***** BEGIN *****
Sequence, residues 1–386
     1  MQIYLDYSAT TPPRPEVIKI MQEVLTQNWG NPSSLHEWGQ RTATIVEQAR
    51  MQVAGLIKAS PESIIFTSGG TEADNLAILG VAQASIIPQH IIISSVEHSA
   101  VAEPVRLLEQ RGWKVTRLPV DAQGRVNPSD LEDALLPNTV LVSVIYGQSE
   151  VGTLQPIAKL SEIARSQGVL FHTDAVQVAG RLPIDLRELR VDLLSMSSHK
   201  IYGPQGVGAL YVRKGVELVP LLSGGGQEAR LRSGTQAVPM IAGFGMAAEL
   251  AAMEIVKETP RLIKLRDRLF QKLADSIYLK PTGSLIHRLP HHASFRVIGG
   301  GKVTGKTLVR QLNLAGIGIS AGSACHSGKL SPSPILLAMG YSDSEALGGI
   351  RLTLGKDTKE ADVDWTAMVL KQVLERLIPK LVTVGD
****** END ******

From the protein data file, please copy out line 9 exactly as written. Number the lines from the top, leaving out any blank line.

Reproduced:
   351  RLTLGKDTKE ADVDWTAMVL KQVLERLIPK LVTVGD